Being Perfect Isn’t a Thing…

Newsletter 58 – March 8, 2024


No one is perfect. We all have our flaws. I certainly have my share, and I’ve been struggling with some of them lately. I have lots of ideas for novels I would like to write, but I find I spend a lot of time planning and plotting and reworking those ideas for months before I even start writing. And then, once I do begin, I agonize over whether certain sections (or certain characters, or certain themes) are doing their jobs. My problem is that I want the final story to be “perfect,” even though I know that it won’t be. No work of art is ever perfect, and striving for absolute perfection can be deadly for a writer. It’s possible to work so hard at getting our stories “right” that we don’t finish them. Unfinished stories are unpublished stories. Unpublished stories are stories that the public never sees, so they are a waste of time and money and effort.

Most writers I know are a bit obsessive about removing errors from their writing before publishing it. That’s the very least we can do for our readers. Obvious spelling and punctuation mistakes and poorly worded phrases can pull our readers away from the plot and into the role of grammar police. We want to keep them reading, so we try to avoid glaring errors if we can. But if we obsess over every single word in our novels, looking for a better way to phrase each sentence, it’s possible that readers will never see them.

That’s where I am now, in the middle of trying to finish my novella, Flood  and  Fire (including polishing and editing and prepping it for publication), so I can then finish re-editing and preparing Jagged Man for its publication (hopefully later this year — yes, I know I said that last year too). Until Jagged Man is nearly done I can’t release Flood  and  Fire into the world. I’m having difficulty, though, moving from scene to scene (especially the scenes that take place during the Great Fire of London), and I suspect it’s the ugly head of perfectionism that keeps popping up and stopping me. I want the novella to be at least as good as Jagged Man, which (I believe) is a very good thriller/love story, but some mornings I just don’t seem to be able to get my 17th century characters to behave (which is obviously more my fault than theirs). This month I’m going to push them a little harder (to be less perfect?) and see if they’ll stop blocking my progress.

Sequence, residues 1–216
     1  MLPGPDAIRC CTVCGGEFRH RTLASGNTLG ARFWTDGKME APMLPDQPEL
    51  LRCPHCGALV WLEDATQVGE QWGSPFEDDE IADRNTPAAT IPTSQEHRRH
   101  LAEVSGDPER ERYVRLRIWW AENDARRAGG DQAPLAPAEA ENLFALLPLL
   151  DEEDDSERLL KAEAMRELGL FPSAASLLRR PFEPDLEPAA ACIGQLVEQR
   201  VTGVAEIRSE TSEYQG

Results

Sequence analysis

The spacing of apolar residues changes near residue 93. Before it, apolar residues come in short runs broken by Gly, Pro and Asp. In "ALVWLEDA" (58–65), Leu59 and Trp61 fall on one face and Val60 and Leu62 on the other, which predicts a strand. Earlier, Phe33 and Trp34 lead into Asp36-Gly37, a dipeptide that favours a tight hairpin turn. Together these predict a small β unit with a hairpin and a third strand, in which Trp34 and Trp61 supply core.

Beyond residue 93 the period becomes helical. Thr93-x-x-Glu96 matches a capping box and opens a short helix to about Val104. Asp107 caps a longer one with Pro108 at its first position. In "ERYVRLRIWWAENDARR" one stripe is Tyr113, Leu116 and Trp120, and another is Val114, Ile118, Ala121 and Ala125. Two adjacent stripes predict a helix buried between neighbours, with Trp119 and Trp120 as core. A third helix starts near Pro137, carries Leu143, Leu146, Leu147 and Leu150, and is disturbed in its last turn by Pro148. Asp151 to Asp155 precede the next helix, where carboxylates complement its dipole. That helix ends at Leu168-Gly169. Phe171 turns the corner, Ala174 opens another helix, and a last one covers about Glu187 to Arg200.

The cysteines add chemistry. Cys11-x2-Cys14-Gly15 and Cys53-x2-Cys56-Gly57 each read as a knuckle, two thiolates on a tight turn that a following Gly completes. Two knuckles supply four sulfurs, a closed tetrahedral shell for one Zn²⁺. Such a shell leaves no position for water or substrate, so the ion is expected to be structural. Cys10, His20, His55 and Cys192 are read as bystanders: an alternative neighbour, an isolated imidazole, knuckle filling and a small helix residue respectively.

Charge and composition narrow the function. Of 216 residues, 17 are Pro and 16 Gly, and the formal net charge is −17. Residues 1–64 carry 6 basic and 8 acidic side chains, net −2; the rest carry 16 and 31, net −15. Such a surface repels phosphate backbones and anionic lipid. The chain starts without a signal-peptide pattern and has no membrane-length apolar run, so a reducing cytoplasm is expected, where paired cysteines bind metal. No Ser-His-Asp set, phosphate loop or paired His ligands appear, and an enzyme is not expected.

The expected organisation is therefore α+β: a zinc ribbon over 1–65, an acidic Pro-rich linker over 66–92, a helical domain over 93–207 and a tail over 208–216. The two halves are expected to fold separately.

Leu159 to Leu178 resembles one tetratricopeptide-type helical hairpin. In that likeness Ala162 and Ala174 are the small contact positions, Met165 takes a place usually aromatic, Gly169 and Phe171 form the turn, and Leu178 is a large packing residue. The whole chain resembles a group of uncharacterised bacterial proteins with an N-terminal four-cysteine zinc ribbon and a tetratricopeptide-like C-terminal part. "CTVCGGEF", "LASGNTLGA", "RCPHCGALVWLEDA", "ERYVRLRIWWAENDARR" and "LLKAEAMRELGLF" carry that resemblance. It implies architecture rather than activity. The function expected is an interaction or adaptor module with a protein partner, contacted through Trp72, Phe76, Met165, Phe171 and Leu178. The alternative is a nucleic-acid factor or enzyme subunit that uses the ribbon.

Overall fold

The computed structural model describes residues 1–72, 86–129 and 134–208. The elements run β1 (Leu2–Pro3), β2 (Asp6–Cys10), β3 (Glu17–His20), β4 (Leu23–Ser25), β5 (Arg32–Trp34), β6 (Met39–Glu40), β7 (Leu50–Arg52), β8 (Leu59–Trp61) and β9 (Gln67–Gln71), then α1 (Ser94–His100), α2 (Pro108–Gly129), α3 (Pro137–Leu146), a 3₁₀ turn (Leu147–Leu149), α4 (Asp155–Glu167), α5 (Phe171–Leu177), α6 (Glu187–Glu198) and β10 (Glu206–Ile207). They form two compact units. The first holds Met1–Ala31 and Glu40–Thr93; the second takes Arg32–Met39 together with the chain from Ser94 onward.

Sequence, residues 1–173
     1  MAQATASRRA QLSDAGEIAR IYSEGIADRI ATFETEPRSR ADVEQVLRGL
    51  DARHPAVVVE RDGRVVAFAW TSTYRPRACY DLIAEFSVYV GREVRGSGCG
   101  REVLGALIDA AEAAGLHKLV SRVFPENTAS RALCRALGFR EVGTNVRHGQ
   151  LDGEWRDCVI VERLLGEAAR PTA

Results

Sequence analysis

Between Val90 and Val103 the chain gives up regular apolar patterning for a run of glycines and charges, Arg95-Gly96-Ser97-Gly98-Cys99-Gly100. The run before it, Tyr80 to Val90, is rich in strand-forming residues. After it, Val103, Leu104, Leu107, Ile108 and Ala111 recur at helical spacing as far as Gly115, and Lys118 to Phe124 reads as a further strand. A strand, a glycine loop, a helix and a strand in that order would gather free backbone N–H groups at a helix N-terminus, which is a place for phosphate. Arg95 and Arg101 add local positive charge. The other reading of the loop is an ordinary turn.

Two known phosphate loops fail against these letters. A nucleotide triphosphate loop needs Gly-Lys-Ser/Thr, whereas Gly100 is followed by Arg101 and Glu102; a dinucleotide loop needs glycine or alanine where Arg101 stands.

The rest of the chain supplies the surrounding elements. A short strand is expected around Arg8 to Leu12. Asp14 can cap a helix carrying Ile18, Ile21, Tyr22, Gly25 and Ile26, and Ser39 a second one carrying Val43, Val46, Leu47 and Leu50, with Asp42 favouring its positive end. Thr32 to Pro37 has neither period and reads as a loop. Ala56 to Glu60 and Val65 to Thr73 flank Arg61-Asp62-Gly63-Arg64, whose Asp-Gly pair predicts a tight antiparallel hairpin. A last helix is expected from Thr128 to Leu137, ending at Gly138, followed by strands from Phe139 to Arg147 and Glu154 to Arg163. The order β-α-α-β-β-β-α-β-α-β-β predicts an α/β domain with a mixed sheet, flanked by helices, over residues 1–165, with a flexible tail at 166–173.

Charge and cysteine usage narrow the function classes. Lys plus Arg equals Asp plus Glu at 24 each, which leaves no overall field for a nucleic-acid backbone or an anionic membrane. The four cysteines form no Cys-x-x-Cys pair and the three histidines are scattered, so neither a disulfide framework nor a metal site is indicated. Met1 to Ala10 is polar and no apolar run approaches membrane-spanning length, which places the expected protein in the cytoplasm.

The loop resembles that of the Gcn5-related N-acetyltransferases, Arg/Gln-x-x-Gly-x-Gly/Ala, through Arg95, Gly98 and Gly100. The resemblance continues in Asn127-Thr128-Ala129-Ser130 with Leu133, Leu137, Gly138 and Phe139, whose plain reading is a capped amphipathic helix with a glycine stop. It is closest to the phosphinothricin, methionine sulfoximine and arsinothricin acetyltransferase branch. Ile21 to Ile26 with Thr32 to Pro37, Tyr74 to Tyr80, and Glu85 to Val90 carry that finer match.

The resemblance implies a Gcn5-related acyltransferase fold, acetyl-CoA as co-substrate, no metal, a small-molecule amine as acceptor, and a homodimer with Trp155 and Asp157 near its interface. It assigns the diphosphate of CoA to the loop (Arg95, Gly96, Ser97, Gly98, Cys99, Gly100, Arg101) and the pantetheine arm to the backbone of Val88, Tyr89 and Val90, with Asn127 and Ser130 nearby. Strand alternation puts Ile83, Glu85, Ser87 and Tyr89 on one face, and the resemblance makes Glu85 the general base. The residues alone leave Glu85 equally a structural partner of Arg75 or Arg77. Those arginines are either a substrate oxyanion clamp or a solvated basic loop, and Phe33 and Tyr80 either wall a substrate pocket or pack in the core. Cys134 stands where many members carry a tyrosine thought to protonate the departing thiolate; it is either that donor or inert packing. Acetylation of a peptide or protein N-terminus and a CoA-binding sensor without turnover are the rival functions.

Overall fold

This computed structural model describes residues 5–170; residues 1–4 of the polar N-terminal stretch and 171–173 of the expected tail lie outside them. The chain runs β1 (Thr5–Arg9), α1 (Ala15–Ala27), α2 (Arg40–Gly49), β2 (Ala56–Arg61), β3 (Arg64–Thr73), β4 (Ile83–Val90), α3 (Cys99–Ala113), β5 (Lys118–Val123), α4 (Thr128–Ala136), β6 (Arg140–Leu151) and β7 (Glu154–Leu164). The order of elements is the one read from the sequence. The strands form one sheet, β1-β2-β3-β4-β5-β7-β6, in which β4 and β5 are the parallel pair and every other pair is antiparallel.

The next newsletter will be about perfection’s constant companion, procrastination.

See you then,


[“Perfection’s just an obstacle illusion,”
a quote from my good friend,
Holly Jahangiri, 2024.]

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